Facing down violent extremism

As Singapore marks Total Defence Day today, it is worth reflecting on the vital role of civilians in the war against terror.

Violent extremism is not deterred by military force, however powerful or capable. Countries armed with nuclear weapons like Britain, France and the United States have all failed to deter terror attacks. Amid the bloodshed, Singaporeans enjoy a fragile peace. Will the Republic be forever immune to such attacks? The hard truth is "no".

Singapore's multi-agency counter-terrorism effort is round the clock, 24/365. But it is near impossible for security agencies to prevent individuals - the so-called lone wolves - from killing in the name of violent extremism when everyday objects from cars to kitchen knives can be used as weapons of choice. Today, such extremists are also willing to die while committing mass murder and thus cannot be deterred.

Still, continued vigilance is never futile as the success of such attacks is not inevitable. Accurate, relevant and timely intelligence, robust security checks and alert, disciplined fast responders can frustrate attempts to wreak havoc.

Should the worst happen, it is almost certain that terror groups will rush to claim bragging rights as authors of the "first" successful attack on Singapore. An attack here will have propaganda value far in excess of the size and complexity of the operation or actual body count. Singapore is a prized target as it is one of the last world cities to have successfully kept the scourge of terrorism at bay.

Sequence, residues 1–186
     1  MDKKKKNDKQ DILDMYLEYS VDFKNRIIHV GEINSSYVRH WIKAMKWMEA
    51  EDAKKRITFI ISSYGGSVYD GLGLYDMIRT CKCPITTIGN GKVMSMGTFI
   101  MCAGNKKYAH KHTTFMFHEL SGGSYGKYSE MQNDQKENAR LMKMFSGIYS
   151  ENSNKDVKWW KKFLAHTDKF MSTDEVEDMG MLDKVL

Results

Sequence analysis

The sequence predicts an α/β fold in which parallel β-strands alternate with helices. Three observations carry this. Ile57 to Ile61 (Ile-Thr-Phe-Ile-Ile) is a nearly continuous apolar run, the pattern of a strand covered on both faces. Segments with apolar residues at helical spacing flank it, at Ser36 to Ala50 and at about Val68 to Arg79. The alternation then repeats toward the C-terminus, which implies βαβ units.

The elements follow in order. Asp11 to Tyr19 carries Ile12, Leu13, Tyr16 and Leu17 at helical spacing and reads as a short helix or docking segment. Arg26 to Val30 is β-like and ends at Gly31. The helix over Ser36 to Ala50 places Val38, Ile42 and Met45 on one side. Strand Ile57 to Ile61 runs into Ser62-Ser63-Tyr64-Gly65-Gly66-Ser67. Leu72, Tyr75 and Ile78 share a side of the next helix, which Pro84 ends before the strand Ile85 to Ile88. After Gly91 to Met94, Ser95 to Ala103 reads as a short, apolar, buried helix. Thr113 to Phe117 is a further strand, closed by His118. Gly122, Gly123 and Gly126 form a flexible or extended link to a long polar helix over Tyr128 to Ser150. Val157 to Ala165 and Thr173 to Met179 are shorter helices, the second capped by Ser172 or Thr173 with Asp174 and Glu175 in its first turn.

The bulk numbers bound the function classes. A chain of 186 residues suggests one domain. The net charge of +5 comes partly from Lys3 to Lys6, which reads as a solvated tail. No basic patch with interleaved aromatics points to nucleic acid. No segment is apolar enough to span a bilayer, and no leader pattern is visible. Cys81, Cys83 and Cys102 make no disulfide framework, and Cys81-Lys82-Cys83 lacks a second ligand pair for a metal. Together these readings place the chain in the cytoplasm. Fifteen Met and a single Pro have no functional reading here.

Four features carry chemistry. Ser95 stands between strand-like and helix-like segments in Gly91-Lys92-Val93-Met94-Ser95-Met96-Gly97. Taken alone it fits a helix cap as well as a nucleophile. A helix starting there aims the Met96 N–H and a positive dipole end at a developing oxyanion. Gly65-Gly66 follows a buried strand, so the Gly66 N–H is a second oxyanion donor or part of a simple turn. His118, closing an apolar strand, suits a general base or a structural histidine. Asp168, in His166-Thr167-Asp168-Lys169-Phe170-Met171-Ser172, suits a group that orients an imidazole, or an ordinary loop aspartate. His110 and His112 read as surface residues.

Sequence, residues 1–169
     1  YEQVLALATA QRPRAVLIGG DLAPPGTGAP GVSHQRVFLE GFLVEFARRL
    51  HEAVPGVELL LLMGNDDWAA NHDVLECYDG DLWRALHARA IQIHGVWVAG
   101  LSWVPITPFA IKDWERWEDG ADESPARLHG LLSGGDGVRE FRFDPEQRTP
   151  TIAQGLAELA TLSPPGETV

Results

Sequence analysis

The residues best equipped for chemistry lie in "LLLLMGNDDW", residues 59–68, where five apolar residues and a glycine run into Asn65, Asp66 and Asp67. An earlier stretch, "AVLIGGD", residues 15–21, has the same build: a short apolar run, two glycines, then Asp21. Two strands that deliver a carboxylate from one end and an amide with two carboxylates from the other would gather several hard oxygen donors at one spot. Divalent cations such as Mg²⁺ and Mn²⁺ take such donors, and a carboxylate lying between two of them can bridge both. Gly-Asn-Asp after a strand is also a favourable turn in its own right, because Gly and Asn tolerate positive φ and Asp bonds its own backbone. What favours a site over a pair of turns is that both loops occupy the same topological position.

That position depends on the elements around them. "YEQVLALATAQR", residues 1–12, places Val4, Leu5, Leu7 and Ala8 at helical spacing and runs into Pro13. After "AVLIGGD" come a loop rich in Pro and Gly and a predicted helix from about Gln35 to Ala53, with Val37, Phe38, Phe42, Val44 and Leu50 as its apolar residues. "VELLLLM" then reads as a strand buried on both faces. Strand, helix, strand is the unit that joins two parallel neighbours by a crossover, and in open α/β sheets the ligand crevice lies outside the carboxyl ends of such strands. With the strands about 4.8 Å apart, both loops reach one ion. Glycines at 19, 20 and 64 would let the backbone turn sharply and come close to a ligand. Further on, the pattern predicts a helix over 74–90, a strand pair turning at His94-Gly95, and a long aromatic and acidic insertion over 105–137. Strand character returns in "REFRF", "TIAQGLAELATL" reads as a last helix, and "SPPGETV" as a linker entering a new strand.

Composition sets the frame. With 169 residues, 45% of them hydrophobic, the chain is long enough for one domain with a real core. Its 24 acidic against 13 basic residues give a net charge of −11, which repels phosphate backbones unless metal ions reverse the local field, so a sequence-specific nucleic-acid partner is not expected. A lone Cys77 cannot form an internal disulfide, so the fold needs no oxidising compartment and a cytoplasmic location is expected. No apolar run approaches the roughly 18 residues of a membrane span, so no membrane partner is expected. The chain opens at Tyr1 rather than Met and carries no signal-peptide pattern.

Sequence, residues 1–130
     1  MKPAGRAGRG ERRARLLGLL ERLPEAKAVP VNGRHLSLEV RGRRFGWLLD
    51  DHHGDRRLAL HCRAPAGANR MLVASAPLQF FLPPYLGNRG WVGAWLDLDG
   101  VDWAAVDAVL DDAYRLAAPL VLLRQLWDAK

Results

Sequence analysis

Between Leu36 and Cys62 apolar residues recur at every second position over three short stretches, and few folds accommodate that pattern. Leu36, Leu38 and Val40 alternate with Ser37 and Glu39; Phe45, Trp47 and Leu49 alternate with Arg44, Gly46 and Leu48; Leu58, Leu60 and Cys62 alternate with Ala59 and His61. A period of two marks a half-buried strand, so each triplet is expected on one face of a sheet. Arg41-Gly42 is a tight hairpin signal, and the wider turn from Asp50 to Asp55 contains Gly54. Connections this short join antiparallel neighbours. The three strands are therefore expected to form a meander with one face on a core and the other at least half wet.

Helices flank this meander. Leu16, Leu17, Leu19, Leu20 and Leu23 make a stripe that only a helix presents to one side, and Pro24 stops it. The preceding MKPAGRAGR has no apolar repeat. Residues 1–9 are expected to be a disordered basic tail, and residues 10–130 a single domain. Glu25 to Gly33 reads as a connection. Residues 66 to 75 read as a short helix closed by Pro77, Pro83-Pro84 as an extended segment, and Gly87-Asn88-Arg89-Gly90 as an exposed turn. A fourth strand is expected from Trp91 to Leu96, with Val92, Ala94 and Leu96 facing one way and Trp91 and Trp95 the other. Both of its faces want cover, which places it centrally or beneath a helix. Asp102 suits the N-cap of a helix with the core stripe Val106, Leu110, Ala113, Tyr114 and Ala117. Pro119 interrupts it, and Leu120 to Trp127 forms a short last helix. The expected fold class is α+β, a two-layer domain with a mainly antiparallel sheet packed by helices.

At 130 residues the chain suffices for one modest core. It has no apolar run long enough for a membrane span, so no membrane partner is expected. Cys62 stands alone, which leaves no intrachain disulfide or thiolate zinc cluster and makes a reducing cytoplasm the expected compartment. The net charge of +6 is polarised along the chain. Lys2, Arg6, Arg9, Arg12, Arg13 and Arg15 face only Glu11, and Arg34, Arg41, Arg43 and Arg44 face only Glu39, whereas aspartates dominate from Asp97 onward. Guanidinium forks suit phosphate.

Back in the 1960s in the days of Confrontation, Singaporeans endured a brutal campaign of urban bombings when Indonesia waged an undeclared war against the Malaysian federation.

A video screengrab of a finalist for the N.E.mation! competition, a digital animation competition organised for young people to express their thoughts on Total Defence. Violent extremists find accomplices in the complacency and apathy of some members
A video screengrab of a finalist for the N.E.mation! competition, a digital animation competition organised for young people to express their thoughts on Total Defence. Violent extremists find accomplices in the complacency and apathy of some members of the public. By contrast, residents who are alert and aware of possible threats can foil attempts to harm the city. PHOTO: NEXUS

Seven Singapore residents died and more than 50 were injured in 42 bomb attacks that targeted people indiscriminately and without warning between 1963 and 1965. Even during the most intense phase of the urban bombing campaign in March 1965, with seven bomb attacks and three deaths that month, Singaporeans stayed united.

After Confrontation, Singaporeans enjoyed years of peace until March 1985, when a bomb was set off in the heart of Orchard Road at Faber House, presumably aimed at the Embassy of Israel which was then located in the building. Faber House was bombed again in December 1986. There were small-scale bombings at AIA Building and Shell Tower from November to December 1987, three attacks within two months. Since then, Singapore has kept terrorist bombers at bay.

Today, if the Republic suffers an attack of violent extremism, younger Singaporeans accustomed to years of stability, growth and prosperity must demonstrate the same tenacity and courage that the founding generation displayed during Confrontation.